ICJ could issue provisional orders to limit killings in Gaza

Niël Terlanché

Namibian legal experts have indicated that the International Court of Justice (ICJ) might order Israel to comply with provisional measures in a matter of weeks regarding the alleged genocide in Gaza.

However, they stressed that more countries need to support Palestine and stand with South Africa for Israel to comply.

South Africa has brought a case against Israel at the ICJ, alleging acts of genocide in the Gaza Strip, which contravenes the 1948 Genocide Convention.

The allegations include mass killings, serious mental and bodily harm, forced displacement, destruction of healthcare systems, and the prevention of births in Gaza.

South Africa’s legal team, comprising John Dugard, Adila Hassim, and Tembeka Ngcukaitobi, among others, argues that Israel’s actions intend to destroy a substantial part of the Palestinian national, racial, and ethnical group.

As the highest United Nations legal body, the ICJ adjudicates issues between member states.

Local experts concur that while the final determination of South Africa’s application against Israel might take years, the ICJ could impose immediate provisional measures as demanded by South Africa.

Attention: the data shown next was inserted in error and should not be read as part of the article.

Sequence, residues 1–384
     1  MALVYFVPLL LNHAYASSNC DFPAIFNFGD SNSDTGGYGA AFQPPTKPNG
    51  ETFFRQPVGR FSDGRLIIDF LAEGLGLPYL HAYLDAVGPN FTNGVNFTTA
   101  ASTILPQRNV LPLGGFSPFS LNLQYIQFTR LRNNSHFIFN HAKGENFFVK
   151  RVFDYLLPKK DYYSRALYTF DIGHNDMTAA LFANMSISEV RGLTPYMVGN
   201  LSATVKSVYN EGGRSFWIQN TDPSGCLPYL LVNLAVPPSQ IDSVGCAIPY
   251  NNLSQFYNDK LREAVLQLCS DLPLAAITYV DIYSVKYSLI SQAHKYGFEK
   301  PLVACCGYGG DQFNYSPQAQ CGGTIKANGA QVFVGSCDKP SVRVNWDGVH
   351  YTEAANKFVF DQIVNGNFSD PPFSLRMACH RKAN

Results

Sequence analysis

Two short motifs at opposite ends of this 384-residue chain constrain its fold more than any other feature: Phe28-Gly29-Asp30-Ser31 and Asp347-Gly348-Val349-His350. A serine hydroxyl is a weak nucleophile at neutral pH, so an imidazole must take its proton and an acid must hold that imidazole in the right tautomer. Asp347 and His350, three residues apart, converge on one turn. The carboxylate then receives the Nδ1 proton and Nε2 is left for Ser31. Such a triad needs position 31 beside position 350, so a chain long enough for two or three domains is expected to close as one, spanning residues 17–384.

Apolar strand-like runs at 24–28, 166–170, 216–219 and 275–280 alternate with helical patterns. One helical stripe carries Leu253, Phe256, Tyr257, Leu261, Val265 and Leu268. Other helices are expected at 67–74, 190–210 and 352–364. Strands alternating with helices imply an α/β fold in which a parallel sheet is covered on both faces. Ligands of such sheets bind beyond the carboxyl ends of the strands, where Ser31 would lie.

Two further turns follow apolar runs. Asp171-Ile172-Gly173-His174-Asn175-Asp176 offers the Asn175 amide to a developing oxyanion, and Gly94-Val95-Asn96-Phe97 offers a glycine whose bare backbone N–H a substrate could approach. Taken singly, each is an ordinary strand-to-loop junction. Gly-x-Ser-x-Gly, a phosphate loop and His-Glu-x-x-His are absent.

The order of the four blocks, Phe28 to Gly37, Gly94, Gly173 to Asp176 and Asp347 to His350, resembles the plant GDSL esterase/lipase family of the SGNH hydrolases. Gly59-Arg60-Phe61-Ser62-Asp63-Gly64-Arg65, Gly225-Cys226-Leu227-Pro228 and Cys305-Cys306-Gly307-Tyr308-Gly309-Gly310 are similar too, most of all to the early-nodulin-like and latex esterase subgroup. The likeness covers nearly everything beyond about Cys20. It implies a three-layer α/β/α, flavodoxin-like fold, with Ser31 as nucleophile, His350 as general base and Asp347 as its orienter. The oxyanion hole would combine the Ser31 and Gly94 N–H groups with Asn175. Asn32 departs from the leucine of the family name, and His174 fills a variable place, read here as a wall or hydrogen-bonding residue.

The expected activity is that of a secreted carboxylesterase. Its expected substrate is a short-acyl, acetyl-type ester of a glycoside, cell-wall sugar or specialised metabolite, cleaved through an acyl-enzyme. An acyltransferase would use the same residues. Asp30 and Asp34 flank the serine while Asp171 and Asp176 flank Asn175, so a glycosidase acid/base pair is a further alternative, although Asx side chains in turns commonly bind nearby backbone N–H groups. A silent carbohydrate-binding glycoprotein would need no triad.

These provisional measures, which are typically decided upon quickly after hearings, may include limiting military operations, avoiding the use of explosive weapons in populated areas, and preventing the forced displacement of Palestinians.

Norman Tjombe, a prominent Namibian human rights lawyer, stressed that South Africa must substantiate the allegations of violations under the United Nations Genocide Convention.

He noted that both the UN General Assembly and the Security Council should collaborate to ensure compliance with the court’s orders.

Besides Namibia, countries like Malaysia, Turkey, Jordan, Bolivia, the Maldives, Pakistan, the Arab League, Colombia, and Brazil, along with various advocacy groups and civil society organizations, have expressed support for South Africa’s case.

This case at the ICJ is regarded as historic, with potentially profound implications for international law and human rights.

Israel has denied the accusations of genocide, labelling them baseless. Israeli officials, including Prime Minister Benjamin Netanyahu, have dismissed these accusations as hypocrisy and falsehoods, claiming that their actions in Gaza are defensive measures against terrorism.

This case has reiterated the complexity and contentious nature of international law and diplomacy, particularly in matters as serious as genocide allegations.

Local legal experts agreed that the outcome of this case could establish a significant precedent for future international legal disputes and the interpretation of the Genocide Convention.

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